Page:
Let’s start by explaining what this fight is not. It is not a clash of civilizations. Muslim scholars are outraged about the Islamic State’s brutality and perversion of Islam, calling its savagery deviant and heretical. Sunni and Shiite alike have joined forces against this outrage. The coalition represents a unified response, as evidenced by the remarkable and unprecedented participation of five Arab countries in the air strikes in Syria. And that’s just the beginning. There is a role for every nation, from helping to dry up outside funding and stopping the flow of foreign fighters to taking direct military action and providing humanitarian assistance.
This is not the prelude to another US ground war in the Middle East. President Obama has said repeatedly that US ground troops will not engage in combat roles. He means it. I volunteered to serve and fought in a war I came to believe was a mistake. I take that lesson seriously. This will not be another one of those interventions.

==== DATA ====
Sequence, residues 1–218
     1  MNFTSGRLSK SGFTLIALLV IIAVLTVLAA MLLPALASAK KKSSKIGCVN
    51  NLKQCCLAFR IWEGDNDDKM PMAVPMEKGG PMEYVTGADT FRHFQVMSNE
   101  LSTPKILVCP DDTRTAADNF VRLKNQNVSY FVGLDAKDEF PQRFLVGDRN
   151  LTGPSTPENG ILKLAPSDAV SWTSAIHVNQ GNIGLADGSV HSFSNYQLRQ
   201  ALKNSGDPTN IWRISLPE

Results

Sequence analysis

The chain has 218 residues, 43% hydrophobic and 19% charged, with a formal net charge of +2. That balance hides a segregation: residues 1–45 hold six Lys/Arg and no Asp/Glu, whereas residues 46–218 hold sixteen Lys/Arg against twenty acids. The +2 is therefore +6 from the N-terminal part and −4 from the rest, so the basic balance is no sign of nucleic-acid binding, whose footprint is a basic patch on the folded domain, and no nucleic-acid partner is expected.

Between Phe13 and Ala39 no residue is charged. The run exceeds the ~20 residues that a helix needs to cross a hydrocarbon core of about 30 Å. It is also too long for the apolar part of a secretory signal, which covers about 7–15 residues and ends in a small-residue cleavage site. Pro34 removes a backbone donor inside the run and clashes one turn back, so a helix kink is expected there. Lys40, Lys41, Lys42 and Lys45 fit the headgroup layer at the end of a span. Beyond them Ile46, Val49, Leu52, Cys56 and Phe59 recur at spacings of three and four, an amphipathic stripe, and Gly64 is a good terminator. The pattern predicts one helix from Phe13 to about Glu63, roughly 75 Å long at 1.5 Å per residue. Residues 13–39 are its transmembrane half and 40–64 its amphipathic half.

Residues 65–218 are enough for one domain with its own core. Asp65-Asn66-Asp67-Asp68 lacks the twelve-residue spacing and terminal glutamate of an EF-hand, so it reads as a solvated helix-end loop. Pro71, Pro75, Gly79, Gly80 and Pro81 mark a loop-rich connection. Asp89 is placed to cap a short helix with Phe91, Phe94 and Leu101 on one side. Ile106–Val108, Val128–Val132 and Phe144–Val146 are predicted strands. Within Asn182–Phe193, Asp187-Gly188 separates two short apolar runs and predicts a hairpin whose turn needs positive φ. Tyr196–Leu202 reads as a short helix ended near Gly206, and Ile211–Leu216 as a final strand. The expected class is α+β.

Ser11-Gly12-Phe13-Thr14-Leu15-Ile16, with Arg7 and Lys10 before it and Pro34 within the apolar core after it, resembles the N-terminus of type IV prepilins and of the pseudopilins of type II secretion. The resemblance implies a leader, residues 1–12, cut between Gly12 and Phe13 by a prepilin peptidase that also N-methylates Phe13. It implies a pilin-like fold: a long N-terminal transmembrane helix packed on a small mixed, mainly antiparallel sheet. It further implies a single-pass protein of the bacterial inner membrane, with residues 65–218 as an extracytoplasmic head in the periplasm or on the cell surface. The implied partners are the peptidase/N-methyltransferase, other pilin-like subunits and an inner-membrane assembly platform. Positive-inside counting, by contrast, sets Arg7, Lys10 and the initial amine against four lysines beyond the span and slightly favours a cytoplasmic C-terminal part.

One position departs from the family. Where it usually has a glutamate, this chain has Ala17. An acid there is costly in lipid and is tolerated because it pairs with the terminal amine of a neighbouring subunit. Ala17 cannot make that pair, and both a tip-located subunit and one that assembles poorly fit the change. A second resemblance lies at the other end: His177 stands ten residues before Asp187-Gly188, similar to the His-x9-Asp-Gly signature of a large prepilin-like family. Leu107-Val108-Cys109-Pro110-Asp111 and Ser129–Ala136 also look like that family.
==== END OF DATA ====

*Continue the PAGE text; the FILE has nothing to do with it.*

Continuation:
Finally, this campaign is not about helping President Bashar Assad of Syria. We are not on the same side as Assad — in fact, he is a magnet that has drawn foreign fighters from dozens of countries to Syria. As the president has said, Assad lost legitimacy a long time ago. We are embarking on an important effort to train and equip vetted members of Syria’s opposition who are fighting the Islamic State and the regime at the same time. By degrading the Islamic State and providing training and arms to the moderates, we will promote conditions that can lead to a negotiated settlement that ends this conflict.